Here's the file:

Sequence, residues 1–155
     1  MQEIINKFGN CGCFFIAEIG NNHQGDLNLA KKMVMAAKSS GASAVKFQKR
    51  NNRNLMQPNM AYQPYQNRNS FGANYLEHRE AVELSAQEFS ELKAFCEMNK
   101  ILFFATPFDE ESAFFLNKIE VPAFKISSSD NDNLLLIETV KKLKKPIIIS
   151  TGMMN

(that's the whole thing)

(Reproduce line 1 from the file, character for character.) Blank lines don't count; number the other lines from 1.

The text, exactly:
Sequence, residues 1–155